See his autobiography, Hammer (1986); biography by S. Weinberg (1989).
In 1789, as a member of the National Assembly, he became one of the first to ally himself with the Third Estate and to renounce the privileges of the nobility. He became a general in the Republican Army, but had to flee during the Reign of Terror of 1793–1794.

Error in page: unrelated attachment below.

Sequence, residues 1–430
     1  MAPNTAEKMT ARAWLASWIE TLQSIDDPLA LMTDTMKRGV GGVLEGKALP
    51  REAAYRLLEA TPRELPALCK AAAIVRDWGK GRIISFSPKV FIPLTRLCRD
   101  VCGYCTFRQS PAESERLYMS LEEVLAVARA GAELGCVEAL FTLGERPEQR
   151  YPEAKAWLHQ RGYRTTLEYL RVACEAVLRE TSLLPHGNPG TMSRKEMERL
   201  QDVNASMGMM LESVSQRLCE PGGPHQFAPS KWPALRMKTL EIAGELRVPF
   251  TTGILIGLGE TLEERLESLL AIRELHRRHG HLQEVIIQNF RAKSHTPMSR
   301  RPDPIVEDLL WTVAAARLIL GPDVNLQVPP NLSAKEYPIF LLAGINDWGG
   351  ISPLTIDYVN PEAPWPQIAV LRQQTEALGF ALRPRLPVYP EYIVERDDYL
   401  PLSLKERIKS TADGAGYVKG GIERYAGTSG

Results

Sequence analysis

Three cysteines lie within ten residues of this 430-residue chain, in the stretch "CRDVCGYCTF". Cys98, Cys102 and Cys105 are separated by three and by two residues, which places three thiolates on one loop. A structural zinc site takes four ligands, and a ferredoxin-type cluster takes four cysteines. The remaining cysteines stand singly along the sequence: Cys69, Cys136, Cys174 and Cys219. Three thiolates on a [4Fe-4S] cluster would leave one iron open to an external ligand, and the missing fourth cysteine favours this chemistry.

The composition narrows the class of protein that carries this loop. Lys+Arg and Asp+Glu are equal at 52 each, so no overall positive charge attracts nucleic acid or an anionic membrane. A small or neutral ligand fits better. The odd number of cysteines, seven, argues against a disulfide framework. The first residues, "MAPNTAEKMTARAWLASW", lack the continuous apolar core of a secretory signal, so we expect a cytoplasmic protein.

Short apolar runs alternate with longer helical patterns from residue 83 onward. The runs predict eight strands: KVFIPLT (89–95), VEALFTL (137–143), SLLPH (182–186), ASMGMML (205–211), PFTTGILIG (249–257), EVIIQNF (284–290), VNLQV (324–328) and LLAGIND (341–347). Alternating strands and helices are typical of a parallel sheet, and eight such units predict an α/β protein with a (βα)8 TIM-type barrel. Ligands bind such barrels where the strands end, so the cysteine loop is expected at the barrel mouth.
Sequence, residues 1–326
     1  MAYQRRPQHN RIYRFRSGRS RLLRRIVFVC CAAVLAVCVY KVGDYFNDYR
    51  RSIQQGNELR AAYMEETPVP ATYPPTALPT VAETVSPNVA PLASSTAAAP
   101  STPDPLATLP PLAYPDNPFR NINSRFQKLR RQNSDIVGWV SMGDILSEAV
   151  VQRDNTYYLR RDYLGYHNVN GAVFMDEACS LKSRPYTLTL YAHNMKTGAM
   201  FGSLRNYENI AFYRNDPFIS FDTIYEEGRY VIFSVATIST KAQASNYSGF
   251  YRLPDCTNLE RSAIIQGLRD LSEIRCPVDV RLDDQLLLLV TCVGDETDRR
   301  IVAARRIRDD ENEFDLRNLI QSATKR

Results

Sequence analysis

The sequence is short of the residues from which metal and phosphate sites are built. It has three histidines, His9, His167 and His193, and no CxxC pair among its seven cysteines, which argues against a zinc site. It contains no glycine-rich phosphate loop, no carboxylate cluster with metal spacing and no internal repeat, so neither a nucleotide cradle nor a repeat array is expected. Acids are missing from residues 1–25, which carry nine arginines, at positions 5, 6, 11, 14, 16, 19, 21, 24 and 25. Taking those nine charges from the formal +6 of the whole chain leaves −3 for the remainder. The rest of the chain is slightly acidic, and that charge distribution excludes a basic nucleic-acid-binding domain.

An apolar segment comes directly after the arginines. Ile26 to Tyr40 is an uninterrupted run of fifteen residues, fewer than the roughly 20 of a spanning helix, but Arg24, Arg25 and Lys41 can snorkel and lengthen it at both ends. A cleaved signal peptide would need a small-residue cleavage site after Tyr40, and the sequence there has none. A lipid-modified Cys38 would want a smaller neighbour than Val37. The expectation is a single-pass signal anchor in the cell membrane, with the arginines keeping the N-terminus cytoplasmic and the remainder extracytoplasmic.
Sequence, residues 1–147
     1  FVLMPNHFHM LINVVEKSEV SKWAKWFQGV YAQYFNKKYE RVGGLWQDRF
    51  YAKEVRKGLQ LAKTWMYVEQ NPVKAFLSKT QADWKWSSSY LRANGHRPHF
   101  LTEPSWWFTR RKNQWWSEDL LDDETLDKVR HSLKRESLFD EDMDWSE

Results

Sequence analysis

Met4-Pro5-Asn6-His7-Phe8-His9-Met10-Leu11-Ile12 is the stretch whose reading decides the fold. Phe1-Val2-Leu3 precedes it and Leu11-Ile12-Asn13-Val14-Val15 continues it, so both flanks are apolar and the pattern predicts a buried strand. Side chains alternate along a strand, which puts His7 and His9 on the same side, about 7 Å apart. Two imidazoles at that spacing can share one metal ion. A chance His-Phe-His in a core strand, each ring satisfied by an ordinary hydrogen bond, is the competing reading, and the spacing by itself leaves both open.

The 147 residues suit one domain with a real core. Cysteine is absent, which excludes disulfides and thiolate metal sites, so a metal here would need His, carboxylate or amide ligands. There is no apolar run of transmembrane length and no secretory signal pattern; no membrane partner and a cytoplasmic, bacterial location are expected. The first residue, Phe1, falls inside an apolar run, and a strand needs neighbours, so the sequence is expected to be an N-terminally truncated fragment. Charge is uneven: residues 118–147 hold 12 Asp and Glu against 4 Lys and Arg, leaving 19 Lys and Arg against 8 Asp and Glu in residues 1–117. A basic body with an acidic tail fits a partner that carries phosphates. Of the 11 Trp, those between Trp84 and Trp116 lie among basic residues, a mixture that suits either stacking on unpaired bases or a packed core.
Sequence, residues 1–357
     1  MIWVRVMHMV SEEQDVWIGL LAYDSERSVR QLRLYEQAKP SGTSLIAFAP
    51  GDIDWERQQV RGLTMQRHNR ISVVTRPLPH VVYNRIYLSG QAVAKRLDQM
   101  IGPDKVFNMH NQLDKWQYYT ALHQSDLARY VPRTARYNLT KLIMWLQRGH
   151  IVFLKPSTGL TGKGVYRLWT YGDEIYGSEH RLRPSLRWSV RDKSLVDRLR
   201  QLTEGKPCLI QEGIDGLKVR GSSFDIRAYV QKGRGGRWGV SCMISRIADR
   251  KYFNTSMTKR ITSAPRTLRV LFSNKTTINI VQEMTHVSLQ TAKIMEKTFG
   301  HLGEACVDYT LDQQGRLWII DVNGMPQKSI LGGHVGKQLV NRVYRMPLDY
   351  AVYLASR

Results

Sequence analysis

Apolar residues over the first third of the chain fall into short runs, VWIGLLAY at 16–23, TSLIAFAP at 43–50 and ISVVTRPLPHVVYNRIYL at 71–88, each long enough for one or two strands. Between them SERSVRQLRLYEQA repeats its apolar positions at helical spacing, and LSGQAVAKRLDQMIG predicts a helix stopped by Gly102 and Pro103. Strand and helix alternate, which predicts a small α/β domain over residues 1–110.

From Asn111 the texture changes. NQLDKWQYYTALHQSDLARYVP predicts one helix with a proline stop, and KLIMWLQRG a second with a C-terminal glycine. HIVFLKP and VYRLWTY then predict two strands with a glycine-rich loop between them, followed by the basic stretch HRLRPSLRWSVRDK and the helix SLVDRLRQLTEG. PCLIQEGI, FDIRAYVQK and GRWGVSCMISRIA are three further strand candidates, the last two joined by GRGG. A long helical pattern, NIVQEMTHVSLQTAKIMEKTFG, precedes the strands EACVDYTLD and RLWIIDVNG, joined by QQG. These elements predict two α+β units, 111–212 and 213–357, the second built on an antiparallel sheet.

According to Michael Kelly (tenor) in his Reminiscences, the Duc d'Aiguillon was, in 1796, in London with the revolutionaries Charles Lameth and the orator Dupont. He states that the Duc had been 'one of the twelve peers of France, who, in former days, had an immense fortune, was a great patron of the arts, and so theatrical that he had a box in every theatre in Paris. He was particularly fond of music, and had been a pupil of Viotti (then leader of the Opera House orchestra, at which Kelly was stage manager).' Kelly introduced them to Richard Sheridan and other friends, though the Duke of Queensberry refused to meet d'Aiguillon. On learning that the Duc's fortune was entirely lost or sequestered, Kelly arranged for him to make a little money by copying sheet-music, which he did secretly during the day, continuing to attend the theatre in the evening. Eventually an order came from the Alien Office of the British Government that he and his friends must leave England in two days. The Duke went to Hamburg, and was condemned to be shot. 'They told me that he died like a hero,' wrote Kelly. The Duke left his favourite Danish dog in Kelly's care, shedding many tears on parting from it: the animal outlived its master, but pined and died soon afterwards.